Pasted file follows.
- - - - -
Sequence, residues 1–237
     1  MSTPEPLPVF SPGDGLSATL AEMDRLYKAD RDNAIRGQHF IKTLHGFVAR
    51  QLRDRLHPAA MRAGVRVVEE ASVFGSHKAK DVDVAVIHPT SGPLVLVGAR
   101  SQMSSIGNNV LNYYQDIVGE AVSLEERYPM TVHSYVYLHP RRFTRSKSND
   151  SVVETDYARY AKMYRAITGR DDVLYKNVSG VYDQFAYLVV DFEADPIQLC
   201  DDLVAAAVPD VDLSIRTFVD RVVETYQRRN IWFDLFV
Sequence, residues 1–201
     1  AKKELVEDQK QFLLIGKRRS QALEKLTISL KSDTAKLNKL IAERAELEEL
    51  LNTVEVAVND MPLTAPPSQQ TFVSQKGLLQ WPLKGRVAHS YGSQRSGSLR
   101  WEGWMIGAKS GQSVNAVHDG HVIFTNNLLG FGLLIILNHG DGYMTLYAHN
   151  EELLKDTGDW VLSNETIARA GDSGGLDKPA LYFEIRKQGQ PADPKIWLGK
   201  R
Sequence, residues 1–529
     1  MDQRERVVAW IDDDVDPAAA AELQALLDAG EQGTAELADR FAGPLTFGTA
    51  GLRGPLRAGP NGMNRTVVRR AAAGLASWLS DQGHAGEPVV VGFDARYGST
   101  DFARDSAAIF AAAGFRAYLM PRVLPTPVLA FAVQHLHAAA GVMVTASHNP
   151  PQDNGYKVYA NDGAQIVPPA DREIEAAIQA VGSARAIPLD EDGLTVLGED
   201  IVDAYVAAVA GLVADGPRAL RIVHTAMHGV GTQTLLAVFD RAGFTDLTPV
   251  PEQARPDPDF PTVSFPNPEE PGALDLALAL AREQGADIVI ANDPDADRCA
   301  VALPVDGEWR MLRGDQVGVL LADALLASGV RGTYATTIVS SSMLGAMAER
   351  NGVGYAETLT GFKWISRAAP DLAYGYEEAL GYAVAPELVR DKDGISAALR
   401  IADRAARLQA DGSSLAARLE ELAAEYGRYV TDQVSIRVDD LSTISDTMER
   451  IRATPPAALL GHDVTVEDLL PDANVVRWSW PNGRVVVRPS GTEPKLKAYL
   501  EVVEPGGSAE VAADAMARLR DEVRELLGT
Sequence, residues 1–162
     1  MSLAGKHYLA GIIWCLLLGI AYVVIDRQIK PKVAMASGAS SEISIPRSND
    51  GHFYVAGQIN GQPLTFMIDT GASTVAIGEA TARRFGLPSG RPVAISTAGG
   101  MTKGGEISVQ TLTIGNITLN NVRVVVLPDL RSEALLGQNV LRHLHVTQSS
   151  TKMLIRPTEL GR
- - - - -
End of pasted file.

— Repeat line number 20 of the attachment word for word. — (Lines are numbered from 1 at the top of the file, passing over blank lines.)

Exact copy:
   301  VALPVDGEWR MLRGDQVGVL LADALLASGV RGTYATTIVS SSMLGAMAER